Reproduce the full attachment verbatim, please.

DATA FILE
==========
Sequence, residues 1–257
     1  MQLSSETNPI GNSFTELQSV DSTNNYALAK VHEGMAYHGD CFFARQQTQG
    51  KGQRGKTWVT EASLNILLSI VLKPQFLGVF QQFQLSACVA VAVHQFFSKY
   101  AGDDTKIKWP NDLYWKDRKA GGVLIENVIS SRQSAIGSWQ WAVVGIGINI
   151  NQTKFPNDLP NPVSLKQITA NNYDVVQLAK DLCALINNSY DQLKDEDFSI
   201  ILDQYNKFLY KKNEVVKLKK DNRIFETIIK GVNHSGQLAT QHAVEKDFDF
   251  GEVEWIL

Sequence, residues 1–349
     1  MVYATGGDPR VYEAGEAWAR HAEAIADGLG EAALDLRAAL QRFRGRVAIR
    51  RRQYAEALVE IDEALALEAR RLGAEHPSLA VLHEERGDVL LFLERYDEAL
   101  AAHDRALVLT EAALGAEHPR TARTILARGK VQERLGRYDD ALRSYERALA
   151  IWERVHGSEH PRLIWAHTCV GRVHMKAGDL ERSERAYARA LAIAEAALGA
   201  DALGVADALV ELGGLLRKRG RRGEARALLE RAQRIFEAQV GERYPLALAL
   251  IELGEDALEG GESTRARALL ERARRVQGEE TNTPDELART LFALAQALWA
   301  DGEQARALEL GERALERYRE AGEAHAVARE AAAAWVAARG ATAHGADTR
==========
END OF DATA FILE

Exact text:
Sequence, residues 1–257
     1  MQLSSETNPI GNSFTELQSV DSTNNYALAK VHEGMAYHGD CFFARQQTQG
    51  KGQRGKTWVT EASLNILLSI VLKPQFLGVF QQFQLSACVA VAVHQFFSKY
   101  AGDDTKIKWP NDLYWKDRKA GGVLIENVIS SRQSAIGSWQ WAVVGIGINI
   151  NQTKFPNDLP NPVSLKQITA NNYDVVQLAK DLCALINNSY DQLKDEDFSI
   201  ILDQYNKFLY KKNEVVKLKK DNRIFETIIK GVNHSGQLAT QHAVEKDFDF
   251  GEVEWIL

Sequence, residues 1–349
     1  MVYATGGDPR VYEAGEAWAR HAEAIADGLG EAALDLRAAL QRFRGRVAIR
    51  RRQYAEALVE IDEALALEAR RLGAEHPSLA VLHEERGDVL LFLERYDEAL
   101  AAHDRALVLT EAALGAEHPR TARTILARGK VQERLGRYDD ALRSYERALA
   151  IWERVHGSEH PRLIWAHTCV GRVHMKAGDL ERSERAYARA LAIAEAALGA
   201  DALGVADALV ELGGLLRKRG RRGEARALLE RAQRIFEAQV GERYPLALAL
   251  IELGEDALEG GESTRARALL ERARRVQGEE TNTPDELART LFALAQALWA
   301  DGEQARALEL GERALERYRE AGEAHAVARE AAAAWVAARG ATAHGADTR